"Unfortunately for Jesse, he doesn't realize that Protestant doctrine logically leads to Calvinist thinking. Calvin did not come up with these things in a vaccuum. The groundwork was already laid down by Luther."
But I am neither Calvinist nor Lutheran. I am non-denominational. So I do not see how De Maria could rightly associate me with such theological ideologies. As for the Reformers, they did some good things and some bad things. They made errors, like we all do. My intention here is not to defend these people.
If faith is a work, then why did the inspired writers of the New Testament repeatedly distinguish between faith and works? See these articles for further details:
Now, De Maria may run to the text of John 6:28-29 and say something to the effect of, "See! I told you that faith is a work." But this would only be pitting Scripture against Scripture, since it clearly tells us that justification is an unmerited gift of God. Jesus was not affirming faith to be a work, but rather instructing performance-oriented Jews that they need to believe on Him in order to receive eternal salvation.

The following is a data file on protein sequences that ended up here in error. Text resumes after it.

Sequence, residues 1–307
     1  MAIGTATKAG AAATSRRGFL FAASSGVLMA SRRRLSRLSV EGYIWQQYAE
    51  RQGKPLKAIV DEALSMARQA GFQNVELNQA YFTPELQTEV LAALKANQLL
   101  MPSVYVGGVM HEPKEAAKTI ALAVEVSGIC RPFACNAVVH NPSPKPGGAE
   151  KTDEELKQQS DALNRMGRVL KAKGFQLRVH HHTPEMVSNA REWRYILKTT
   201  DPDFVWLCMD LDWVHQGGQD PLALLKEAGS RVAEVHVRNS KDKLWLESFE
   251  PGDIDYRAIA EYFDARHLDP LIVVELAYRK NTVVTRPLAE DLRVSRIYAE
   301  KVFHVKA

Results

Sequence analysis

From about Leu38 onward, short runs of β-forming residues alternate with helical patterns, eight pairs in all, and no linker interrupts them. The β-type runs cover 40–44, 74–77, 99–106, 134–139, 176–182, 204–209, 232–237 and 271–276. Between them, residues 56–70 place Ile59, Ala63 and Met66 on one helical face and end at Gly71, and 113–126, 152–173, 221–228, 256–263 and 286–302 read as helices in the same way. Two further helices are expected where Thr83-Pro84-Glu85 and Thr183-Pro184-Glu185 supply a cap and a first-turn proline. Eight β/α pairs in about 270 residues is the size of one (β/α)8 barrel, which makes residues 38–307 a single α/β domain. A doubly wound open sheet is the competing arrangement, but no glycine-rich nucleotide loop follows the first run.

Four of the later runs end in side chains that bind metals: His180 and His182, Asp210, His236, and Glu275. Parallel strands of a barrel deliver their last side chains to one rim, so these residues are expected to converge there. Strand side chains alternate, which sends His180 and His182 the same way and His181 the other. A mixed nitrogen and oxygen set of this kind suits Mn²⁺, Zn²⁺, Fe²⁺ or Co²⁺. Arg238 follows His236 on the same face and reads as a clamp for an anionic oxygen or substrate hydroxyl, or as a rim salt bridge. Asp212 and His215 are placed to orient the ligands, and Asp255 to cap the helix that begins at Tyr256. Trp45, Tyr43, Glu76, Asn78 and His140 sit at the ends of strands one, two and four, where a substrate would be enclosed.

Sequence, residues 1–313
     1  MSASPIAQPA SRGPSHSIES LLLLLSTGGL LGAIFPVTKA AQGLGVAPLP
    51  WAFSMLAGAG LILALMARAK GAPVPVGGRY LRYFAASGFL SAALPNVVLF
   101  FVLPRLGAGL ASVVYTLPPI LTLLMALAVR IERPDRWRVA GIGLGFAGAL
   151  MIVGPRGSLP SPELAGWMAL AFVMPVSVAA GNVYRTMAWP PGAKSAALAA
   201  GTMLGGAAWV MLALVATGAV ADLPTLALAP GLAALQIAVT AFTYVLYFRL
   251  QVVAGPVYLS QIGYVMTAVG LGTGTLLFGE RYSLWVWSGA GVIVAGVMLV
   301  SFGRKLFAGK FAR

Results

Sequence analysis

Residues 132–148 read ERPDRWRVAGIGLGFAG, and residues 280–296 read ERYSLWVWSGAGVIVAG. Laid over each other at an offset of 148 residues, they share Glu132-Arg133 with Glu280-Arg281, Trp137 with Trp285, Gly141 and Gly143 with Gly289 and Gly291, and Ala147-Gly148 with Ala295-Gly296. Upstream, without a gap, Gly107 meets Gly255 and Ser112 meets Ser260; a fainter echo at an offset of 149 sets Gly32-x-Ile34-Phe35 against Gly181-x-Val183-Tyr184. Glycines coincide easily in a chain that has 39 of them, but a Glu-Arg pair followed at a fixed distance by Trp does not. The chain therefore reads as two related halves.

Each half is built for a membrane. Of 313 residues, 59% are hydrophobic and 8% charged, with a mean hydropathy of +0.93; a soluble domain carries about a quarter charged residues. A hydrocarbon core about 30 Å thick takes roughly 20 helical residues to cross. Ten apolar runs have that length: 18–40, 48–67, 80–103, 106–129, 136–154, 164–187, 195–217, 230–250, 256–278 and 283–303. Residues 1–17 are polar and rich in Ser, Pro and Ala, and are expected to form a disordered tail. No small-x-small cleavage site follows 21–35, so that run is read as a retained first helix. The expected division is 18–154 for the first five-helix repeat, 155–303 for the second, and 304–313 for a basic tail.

Justification is either obtained by grace or by works (Romans 11:6). It cannot be both, which automatically disqualifies the Catholic position. There is nothing meritorious about salvation being obtained by the grace of God through faith in Jesus Christ.
De Maria said the following in response to my brief comments on his usage of Romans 2 as supporting justification by faith and works:
"They were justified BY GOD because they did good deeds. Look at the previous 12 verses...Exactly! God looks at our works in judgment in order to determine if they are meritorious."
On Judgement Day, every man shall be rewarded according to his deeds. God looks at our works in judgement because they are the evidence of what is in our hearts. They are not prescribed as criterion for salvation, but rather offer descriptions of who was faithful or unfaithful to God. Works are the evidence, not the cause, of justification. It is not as though God has provided a specific list of things we need to do in order to be saved.
The context which addresses how one is made right with God is Romans chapters three through five, and it says not by works of righteousness which we have done. Additionally, it is strange how De Maria acts like we have never debated the subject before, but he knows better. See our last exchange on Sola Fide:
See also one of our exchanges on Sola Scriptura: